ask user.authorized?(:publisher) it will try each one until either one passes, or all fail.

Policy Group Labels

A policy group label is a symbol that is used to identify a particular group of policies. There can be one, or many policies for a
given group. You can apply policy group labels in a global scope, scoped to a class, copied from a class and even inherited.
You can define policy groups on any object that inherits from Object. This allows you to have fine control over the policy groups
used when checking authentication.

Global Policy Labels

Mapping a policy group label to a group of policies in the global scope is simple.

  Merb::Authorization.global_policies do
    for_label( :admin    ).use_policies("Admin")
    for_labels(:publisher).use_policies("Publisher", :admin)

Once you’ve done that you’re in business. This sets up global policies that you can use anywhere in your application when using
general or instance authorization checks.

Notice the :admin label in the policies list for the :publisher group. This will copy the policies from the :admin label
that you setup before. You can build a complex policy groups in this way.

  do_something_big if operator.authorized?(:admin)
  show_publish_button if operator.authorized?(:publisher)

There’s singular and plural versions of both for_labels and use_policies

Setting Instance Policies

When you want to set instance policies, you do it just the same as when you’re setting up global policies.

  class Article
    include DataMapper::Resource
    authorization do
      for_labels(:create          ).use_policy("Public")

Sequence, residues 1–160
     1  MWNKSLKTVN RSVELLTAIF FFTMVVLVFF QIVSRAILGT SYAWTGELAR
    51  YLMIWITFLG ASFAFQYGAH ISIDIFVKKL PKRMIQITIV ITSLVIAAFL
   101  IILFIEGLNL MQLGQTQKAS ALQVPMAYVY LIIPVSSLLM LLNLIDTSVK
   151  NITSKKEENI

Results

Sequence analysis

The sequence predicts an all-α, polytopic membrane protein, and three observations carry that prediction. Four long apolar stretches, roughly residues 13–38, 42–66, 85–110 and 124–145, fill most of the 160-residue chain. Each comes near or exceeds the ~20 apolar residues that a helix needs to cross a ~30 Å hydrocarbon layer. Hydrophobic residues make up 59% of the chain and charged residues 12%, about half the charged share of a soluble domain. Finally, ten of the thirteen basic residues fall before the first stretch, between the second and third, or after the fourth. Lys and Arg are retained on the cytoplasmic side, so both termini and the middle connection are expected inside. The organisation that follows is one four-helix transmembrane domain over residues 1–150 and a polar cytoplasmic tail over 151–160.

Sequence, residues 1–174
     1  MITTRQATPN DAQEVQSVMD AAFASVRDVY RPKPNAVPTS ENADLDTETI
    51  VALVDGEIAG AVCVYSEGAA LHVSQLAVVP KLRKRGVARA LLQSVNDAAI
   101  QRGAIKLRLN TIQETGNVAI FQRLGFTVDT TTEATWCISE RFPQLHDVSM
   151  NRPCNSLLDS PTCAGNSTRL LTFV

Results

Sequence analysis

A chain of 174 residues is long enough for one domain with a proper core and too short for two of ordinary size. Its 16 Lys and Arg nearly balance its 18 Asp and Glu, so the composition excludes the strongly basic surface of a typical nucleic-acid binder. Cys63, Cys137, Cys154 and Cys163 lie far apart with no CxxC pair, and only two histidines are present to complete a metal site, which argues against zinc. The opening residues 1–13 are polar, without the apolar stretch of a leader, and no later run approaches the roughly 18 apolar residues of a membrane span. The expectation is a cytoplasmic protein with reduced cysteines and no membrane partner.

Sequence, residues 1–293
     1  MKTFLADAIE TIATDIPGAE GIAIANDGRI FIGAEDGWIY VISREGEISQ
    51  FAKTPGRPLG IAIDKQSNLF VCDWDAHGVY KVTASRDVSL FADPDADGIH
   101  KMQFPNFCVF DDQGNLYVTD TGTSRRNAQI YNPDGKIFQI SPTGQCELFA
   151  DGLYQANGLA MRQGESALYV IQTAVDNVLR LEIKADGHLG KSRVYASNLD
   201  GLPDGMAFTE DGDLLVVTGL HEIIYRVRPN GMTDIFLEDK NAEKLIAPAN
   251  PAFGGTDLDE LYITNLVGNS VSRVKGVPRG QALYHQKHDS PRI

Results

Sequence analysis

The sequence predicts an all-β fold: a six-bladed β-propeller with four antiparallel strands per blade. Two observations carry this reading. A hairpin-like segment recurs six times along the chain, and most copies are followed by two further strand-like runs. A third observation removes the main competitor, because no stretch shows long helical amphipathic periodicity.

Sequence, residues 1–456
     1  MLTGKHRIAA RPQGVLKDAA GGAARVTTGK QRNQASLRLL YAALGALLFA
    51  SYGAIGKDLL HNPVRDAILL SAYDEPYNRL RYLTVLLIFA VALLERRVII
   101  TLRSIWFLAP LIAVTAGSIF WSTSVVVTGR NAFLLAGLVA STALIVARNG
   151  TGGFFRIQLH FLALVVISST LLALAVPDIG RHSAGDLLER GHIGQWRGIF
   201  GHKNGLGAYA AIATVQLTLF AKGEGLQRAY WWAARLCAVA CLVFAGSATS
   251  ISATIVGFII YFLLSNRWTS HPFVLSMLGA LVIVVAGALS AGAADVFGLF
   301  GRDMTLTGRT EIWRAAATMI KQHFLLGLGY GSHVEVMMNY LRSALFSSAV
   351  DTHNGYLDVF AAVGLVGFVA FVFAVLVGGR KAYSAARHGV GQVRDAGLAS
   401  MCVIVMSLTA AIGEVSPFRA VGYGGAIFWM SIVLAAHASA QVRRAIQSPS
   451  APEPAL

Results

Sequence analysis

for_labels(:update, :edit   ).use_policy("Owner", :publisher, :admin)
      for_labels(:read,   :view   ).use_policy("Published", :update)
      for_labels(:delete, :destroy).use_policies("Owner", :admin)
    # snip

From this example all crud actions are setup on Article ready to be protected. The labels can be anything you like, and as is
shown in the above example, you can copy from the global policy groups.

With the above definition you could do:

  @user.authorized?(:read,   :target => @article)
  @user.authorized?(:update, :target => @article)
  @user.authroized?(:create, :target => Article)

These will use the policy groups you’ve setup on Article. Note that if you pass a class as :target that will
use the policy group labels found on the class, and execute the check as a general policy, not an instance one.

Copying Policy Groups Across Classes

Sometimes you may have policy groups that are very similar or even the same that you want to re-use elsewhere. One option is
to put a group in the global space and then you can use those labels in your class authorization definition. You can
also copy directly from another class.

  class News
    authorization do
      with_scope(Article) do
        for_label( :create       ).use_policy(:create)
        for_labels(:read, :view  ).use_policy(:read)
        for_labels(:update       ).use_policy(:update, "OwningDepartment")
        for_labels(:delete       ).use_policy(:delete, "OwningDepartmentHead")

This will copy the policies from the ones on Article and add any you’ve added.

Inheriting Policies

Policies are inheritable. In the child, you can add to, replace or clear the policies inherited from the parent. For example:

  class Tutorial < Article
    authorization do
      for_label(:edit, :update).add_policies("OwningDepartment")